Cool cats

Louis Koo and Benny Chan aim to wow cat lovers with Hong Kong com­edy flick Meow.

The Star Malaysia - Star2 - - Showbiz - By SETO KIT YAN and ONG JING WEN en­ter­tain­ment@thes­

CATS as alien in­vaders who are out to take over the world?

That’s the premise of Hong Kong sci-fi com­edy Meow, and it doesn’t sound odd at all.

Af­ter all, with over 160 mil­lion cat videos on the In­ter­net get­ting mil­lions of views ev­ery day, those fickle fe­lines al­ready have a way of con­quer­ing us hu­mans any­way.

In sep­a­rate phone in­ter­views from Hong Kong last week, Meow di­rec­tor Benny Chan and lead­ing man Louis Koo said they had been wait­ing for the right script to make an­other com­edy to­gether, af­ter their 2006 ac­tion com­edy Rob-BHood.

They then got the idea for their sixth col­lab­o­ra­tion af­ter ob­serv­ing the world­wide craze for cat videos.

“When I saw all these cute cat videos and pic­tures and how peo­ple were trans­fixed by them, I knew that we were onto some­thing,” shared Koo.

“So, we de­cided to make a movie about cats, and fea­ture ev­ery­thing to do with fe­lines in it.”

In Meow, Koo plays the kind­hearted Ng Sau Lung, a re­tired foot­baller who adopts a gi­ant alien named Xix­ili as his pet cat.

The movie also stars main­land Chi­nese ac­tress Ma Li as his wife, Andy Wong as his son and Jes­sica Liu as his daugh­ter.

“When we first started mak­ing the movie, we thought that it would mostly ap­peal to the kids. Then as film­ing pro­gressed, we dis­cov­ered that the ladies loved it even more! As it turns out, lots of peo­ple are just crazy about cats,” mused the 46-year-old ac­tor.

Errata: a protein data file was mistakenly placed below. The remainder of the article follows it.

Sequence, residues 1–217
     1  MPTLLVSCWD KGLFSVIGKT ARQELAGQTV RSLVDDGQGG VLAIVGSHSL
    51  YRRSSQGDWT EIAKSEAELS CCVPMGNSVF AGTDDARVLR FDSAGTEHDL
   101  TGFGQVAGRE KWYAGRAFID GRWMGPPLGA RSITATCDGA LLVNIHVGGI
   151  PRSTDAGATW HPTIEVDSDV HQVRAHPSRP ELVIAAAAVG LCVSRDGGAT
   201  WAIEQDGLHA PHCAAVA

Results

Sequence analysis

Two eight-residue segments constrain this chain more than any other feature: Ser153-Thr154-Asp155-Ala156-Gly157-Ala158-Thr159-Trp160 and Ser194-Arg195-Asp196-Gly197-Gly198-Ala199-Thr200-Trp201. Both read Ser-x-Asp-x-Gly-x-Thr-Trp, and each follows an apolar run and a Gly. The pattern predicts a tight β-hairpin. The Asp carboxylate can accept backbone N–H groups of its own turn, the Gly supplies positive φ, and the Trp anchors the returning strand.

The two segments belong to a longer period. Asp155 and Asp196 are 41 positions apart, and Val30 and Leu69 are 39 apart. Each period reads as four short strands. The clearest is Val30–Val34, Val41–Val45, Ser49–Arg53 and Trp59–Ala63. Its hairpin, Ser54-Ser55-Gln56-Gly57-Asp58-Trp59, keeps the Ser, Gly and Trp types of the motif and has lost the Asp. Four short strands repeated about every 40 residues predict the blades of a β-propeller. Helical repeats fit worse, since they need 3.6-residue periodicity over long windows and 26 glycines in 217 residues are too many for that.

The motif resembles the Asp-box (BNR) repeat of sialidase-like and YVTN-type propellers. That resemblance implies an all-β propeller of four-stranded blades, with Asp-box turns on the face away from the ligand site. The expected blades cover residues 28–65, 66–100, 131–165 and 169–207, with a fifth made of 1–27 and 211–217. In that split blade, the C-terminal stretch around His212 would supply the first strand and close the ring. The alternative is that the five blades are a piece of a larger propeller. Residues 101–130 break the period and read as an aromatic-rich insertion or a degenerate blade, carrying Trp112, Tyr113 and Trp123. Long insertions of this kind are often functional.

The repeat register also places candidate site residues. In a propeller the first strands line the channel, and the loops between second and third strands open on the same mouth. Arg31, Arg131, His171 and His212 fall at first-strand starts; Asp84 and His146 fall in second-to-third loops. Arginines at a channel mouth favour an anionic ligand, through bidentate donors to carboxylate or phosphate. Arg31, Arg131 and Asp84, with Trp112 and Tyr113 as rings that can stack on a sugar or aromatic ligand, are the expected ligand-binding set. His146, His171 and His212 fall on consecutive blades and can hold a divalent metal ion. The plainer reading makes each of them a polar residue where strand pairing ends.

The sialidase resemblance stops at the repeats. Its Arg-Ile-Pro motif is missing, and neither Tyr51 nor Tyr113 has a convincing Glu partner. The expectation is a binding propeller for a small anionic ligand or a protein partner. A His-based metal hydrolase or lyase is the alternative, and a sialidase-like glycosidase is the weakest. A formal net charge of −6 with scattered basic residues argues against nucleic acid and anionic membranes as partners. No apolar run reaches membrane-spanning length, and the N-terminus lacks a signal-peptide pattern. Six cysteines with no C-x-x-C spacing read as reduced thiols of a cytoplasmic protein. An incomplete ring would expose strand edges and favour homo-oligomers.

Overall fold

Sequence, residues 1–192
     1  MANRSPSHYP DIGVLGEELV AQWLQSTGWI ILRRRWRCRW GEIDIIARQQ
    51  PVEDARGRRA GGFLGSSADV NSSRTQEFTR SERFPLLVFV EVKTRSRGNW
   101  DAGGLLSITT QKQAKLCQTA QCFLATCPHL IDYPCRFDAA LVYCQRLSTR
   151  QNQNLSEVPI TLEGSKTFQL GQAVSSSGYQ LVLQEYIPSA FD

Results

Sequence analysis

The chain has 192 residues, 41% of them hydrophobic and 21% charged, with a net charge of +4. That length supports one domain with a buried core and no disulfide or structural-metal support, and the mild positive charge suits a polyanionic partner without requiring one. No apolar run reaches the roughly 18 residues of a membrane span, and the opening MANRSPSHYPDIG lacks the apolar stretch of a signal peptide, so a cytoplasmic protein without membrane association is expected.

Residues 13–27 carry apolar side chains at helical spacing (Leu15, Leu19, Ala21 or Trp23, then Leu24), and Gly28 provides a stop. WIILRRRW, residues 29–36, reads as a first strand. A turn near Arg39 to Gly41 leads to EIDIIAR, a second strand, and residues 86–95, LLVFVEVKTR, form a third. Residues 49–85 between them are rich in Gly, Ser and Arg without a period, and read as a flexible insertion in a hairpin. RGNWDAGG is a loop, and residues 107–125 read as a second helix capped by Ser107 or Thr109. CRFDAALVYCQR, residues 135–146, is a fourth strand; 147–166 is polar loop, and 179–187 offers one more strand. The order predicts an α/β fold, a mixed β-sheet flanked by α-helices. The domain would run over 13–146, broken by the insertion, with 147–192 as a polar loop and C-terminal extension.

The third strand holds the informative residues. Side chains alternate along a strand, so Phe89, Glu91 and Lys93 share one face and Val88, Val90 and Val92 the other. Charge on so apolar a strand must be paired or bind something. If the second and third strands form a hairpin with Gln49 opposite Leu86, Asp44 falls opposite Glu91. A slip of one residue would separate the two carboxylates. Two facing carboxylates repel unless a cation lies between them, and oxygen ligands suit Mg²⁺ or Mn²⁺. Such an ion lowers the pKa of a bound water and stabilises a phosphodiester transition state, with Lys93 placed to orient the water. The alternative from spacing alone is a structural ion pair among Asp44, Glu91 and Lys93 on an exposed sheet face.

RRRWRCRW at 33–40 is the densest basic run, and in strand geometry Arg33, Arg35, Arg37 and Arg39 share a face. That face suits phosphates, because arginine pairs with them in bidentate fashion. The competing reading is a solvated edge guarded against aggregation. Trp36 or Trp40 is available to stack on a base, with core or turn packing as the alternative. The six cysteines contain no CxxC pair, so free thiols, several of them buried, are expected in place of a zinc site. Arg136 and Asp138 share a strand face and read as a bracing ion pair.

Though nei­ther Koo nor Chan have cats as pets, the di­rec­tor says it was more im­por­tant that the rest of his cast and crew are sim­ply crazy about cats.

“The won­der­ful thing about hav­ing so many cat lovers work­ing with us is that ev­ery­body pays more at­ten­tion to de­tails,” shared di­rec­tor Chan, 47.

He added that a sig­nif­i­cant part of the bud­get went to the spe­cial ef­fects for scenes fea­tur­ing the big cat Xix­ili.

“The most chal­leng­ing part for this movie is adding the vis­ual ef­fects dur­ing post-pro­duc­tion, par­tic­u­larly in the scenes with our big cat mas­cot, Xix­ili.

“In or­der to make it ap­pear re­al­is­tic, we worked with the top post-pro­duc­tion teams from Hong Kong and Korea,” the di­rec­tor ex­plained.

He also said a lot of the painstak­ing work went into ren­der­ing Xix­ili’s soft furry hair, adorable fa­cial ex­pres­sions and hi­lar­i­ous move­ments, all of which fea­ture in more than 1,000 scenes.

Af­ter col­lab­o­rat­ing on six movies to­gether, Koo and Chan have a very com­fort­able work­ing re­la­tion­ship.

Prais­ing Koo for be­ing a pro­fes­sional and ded­i­cated ac­tor, Chan laughed about de­sign­ing Koo’s char­ac­ter, who is a flaky fel­low with a messy mop top.

“In this movie, he will sur­prise au­di­ences. He plays a goofy guy, and it’s a ma­jor con­trast to his pre­vi­ous se­ri­ous film char­ac­ters. Once I de­liv­ered the script for the movie, he agreed with­out hes­i­ta­tion,” he said.

Mean­while Koo, who sounded de­cid­edly chirpier than usual, said that he was glad to be mak­ing a com­edy af­ter a string of ac­tion thrillers re­cently.

“It has been so long since I did com­edy. The dif­fer­ence is we have to keep our­selves in high spir­its through­out the shoot.

“Our aim is to bring joy to every­one. And in Meow ,weuse­a­catto show how a fam­ily can achieve hap­pi­ness to­gether,” Koo con­cluded.

Meow is cur­rently show­ing in cin­e­mas na­tion­wide. For GSC show­times, see next page.

Looks like the gi­ant alien cat has got this fam­ily purring to its tune. — Hand­out

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